Monday, August 9, 2010

A Love of Money is Dangerous

I know this sounds strange, but I'm grateful that my parents taught me to value many things over money. I think if wealth was my goal or driving force, Nigeria would be much more dangerous.

The driver who took me from Abuja airport and I had a lively conversation. I told him that its important to me to remember that all the fancy things in my job (the car, house, drivers, nice food, etc) are all borrowed and not mine. He protested that, if I wanted, they could be mine.

That wasn't the point. I don't want to own these things. I will treat them with more respect because they belong to another (they all belong to my employers). Beyond that, it is dangerous to covet these things.

In Nigeria you can easily be distracted by the flashy stuff. Plenty of Nigerians (and other people) are! But it gets in the way--of doing a good job, maintaining strong morals, developing self-control, and staying grounded in the real world.

I was raised to try to create value, human happiness, reduce suffering and develop strong human relationships.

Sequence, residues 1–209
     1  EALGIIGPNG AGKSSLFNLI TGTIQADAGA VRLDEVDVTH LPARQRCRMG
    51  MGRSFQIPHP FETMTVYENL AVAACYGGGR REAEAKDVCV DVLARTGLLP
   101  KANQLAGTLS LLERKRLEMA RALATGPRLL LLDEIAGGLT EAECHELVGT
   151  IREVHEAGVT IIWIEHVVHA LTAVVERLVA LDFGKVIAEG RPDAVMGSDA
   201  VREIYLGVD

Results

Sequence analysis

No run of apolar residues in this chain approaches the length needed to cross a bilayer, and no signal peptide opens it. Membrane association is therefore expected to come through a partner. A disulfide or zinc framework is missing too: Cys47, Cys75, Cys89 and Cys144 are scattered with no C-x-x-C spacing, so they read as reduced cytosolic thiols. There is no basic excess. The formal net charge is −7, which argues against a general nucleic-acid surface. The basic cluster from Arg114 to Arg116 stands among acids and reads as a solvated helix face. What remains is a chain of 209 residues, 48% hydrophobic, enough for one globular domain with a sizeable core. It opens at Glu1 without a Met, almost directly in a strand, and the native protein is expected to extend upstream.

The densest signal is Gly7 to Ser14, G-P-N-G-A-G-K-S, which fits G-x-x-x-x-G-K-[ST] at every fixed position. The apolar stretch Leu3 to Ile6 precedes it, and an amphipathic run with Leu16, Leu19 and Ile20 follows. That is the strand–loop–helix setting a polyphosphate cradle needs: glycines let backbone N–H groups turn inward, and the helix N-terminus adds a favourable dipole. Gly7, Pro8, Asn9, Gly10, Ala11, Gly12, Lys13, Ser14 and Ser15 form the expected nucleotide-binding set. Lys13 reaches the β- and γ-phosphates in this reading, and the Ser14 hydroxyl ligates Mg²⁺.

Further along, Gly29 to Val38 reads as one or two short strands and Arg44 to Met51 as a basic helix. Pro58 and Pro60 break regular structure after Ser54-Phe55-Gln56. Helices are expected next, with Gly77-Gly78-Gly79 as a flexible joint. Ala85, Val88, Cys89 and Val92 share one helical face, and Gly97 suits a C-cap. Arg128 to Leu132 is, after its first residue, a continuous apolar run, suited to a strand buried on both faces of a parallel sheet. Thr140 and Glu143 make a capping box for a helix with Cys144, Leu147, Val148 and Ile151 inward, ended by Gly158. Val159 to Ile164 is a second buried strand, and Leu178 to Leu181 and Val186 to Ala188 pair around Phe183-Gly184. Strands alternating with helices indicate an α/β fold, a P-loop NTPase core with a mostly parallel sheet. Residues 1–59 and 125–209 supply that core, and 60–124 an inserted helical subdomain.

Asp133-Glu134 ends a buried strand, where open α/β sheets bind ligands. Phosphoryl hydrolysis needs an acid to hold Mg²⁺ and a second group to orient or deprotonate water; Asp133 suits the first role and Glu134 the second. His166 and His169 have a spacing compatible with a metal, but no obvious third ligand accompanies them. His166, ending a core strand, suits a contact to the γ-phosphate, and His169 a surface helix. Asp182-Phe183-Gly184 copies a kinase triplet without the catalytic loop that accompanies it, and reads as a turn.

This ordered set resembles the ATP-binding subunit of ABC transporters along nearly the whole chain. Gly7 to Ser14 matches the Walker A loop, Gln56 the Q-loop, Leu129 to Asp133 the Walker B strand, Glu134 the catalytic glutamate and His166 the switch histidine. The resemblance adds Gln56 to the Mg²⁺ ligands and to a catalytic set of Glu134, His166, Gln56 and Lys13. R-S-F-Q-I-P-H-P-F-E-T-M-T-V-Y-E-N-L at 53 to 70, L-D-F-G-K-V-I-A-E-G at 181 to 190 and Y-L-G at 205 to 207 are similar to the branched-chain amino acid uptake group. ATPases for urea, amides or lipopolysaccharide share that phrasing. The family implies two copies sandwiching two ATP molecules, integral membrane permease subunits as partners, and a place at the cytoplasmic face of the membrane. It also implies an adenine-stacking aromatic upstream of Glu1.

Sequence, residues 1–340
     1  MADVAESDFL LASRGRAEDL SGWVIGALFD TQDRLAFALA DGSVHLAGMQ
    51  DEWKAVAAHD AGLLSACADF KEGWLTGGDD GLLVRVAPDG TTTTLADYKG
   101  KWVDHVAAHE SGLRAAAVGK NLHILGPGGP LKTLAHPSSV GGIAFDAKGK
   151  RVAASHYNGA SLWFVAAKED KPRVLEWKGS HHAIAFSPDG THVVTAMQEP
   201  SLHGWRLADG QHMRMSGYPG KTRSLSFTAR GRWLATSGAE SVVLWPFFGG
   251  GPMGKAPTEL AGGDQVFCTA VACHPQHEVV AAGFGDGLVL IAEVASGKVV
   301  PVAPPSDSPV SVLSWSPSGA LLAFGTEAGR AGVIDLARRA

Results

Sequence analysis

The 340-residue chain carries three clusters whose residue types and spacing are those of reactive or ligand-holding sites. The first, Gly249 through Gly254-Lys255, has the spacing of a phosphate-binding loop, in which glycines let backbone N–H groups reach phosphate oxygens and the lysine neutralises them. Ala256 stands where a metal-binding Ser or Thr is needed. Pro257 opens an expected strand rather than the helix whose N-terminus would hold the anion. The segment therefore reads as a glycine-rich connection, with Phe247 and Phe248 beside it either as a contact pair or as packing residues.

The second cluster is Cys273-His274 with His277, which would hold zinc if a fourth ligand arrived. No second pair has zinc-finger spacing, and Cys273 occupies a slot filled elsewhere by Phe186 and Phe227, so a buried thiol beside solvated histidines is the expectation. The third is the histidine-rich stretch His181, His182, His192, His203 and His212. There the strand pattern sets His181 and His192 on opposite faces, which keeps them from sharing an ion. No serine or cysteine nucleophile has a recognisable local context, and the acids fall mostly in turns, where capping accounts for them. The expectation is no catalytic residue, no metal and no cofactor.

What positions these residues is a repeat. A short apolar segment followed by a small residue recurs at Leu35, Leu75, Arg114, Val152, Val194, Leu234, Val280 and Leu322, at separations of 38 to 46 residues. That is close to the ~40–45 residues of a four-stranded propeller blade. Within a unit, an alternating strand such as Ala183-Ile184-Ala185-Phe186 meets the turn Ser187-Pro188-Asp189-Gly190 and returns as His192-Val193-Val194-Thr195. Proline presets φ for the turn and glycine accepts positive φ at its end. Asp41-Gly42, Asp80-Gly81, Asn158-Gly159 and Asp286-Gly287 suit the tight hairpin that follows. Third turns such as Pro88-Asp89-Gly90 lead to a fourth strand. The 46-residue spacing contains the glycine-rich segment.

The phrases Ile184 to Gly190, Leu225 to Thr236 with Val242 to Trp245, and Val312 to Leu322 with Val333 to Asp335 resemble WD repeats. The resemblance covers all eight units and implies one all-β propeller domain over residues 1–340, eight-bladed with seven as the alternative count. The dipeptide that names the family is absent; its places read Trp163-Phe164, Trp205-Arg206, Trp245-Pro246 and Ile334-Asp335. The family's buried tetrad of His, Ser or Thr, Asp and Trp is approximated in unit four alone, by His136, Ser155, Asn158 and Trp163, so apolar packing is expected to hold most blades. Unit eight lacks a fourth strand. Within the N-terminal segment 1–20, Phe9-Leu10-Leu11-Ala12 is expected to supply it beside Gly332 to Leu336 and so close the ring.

So I am glad that, beyond enough money to live, do some international travel, and to pay off my debts, is enough. I already feel better taken care of by having true friends, good relationships, a tight-knit and supportive family. I would not trade these things for any price.

Thanks for listening!

1 comment:

  1. There are an increasing number of people opting for leading simpler lives. People who challenge themselves to live using multiple combinations of just seven pieces of clothing in a month for example. Eating local produce. Reducing consumption to live sustainably. That comes out of over-consuming for many years and then whittling down.

    Does everyone have to go through this process? Could the poor want to be stay self-disciplined as they come out of poverty?